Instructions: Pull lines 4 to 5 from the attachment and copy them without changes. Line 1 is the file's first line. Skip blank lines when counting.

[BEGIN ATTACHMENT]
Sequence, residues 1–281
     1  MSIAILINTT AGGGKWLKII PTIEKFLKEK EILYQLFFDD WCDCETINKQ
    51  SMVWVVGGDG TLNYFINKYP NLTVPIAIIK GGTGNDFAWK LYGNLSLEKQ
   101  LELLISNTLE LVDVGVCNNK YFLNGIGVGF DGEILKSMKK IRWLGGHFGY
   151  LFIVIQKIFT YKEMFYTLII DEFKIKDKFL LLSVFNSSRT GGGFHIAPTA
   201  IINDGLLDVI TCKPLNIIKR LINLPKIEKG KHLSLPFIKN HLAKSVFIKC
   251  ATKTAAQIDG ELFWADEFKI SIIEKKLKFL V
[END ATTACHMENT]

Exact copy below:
   101  LELLISNTLE LVDVGVCNNK YFLNGIGVGF DGEILKSMKK IRWLGGHFGY
   151  LFIVIQKIFT YKEMFYTLII DEFKIKDKFL LLSVFNSSRT GGGFHIAPTA